IMPACT: The Research Magazine for John Jay College of Criminal Justice

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Environment Matters

Three very different faculty projects on what happens with a change in environment

Photo: iStock
Dr. David Munns’s recent book, Engineering the Environment: Phytotrons and the Quest to Control Climate in the Cold War, is the first history of phytotrons, huge climate-controlled labs that let plant scientists experiment with the growth and development of living organisms inside a controlled environment. In more than 30 countries after WWII, phytotrons held the promise of an end to global hunger and political upheaval. Today, they may play an important role in helping scientists understand climate change and the complexities of natural ecosystems.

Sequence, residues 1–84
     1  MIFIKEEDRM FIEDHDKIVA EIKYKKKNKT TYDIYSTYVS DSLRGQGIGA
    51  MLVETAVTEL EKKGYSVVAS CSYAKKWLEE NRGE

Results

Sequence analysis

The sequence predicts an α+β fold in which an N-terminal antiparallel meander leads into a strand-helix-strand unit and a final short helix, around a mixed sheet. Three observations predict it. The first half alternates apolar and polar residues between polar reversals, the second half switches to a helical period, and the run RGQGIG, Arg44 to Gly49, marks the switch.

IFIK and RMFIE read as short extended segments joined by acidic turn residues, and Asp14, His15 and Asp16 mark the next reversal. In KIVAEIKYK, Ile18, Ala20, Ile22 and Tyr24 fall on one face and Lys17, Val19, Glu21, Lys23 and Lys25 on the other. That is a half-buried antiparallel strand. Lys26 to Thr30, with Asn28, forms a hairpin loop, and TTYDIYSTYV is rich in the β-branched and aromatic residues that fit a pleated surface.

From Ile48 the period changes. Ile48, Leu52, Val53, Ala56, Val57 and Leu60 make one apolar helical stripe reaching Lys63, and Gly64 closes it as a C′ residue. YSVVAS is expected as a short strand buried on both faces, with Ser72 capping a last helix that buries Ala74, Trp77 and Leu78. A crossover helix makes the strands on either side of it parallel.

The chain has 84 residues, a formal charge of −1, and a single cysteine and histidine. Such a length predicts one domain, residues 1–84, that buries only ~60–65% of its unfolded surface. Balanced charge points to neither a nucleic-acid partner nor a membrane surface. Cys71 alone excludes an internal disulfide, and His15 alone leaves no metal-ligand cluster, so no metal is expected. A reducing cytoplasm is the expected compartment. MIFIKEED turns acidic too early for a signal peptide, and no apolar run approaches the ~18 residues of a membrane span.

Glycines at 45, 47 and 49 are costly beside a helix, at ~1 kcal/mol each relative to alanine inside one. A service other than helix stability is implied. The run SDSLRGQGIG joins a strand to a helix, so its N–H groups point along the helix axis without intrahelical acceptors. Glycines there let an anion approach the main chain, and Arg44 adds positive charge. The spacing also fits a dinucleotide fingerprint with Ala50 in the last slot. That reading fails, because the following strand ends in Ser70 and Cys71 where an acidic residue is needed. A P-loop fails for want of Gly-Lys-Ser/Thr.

Adverse childhood experiences are a risk factor for juvenile offending. Dr. Kevin Wolff is interested in understanding juvenile offenders and reducing reoffending. In a recent study, he found that higher-quality treatments provided in long-term juvenile residential programs help to decrease the odds that a young offender will return to jail. Building on these findings, Wolff has investigated ways of individualizing interventions to provide the best possible treatment and prevent juvenile offender recidivism. He looked at the ways demographics and community characteristics—like residential instability or poverty—correlate with different combinations of negative childhood experiences. Wolff’s research will help to guide the creation of prevention strategies and treatment programs. 

Dr. Emily McDonald currently leads research for a nonprofit team at Airbnb partnering with nonprofits including the IRC, Red Cross and UNHCR to provide no-cost housing to displaced peoples around the world. As a cultural anthropologist embedded within a tech product team, she utilizes participant observation, in-home interviews and surveys to understand the needs and desires of recently resettled refugees and transform research insights into actionable, real-world tools.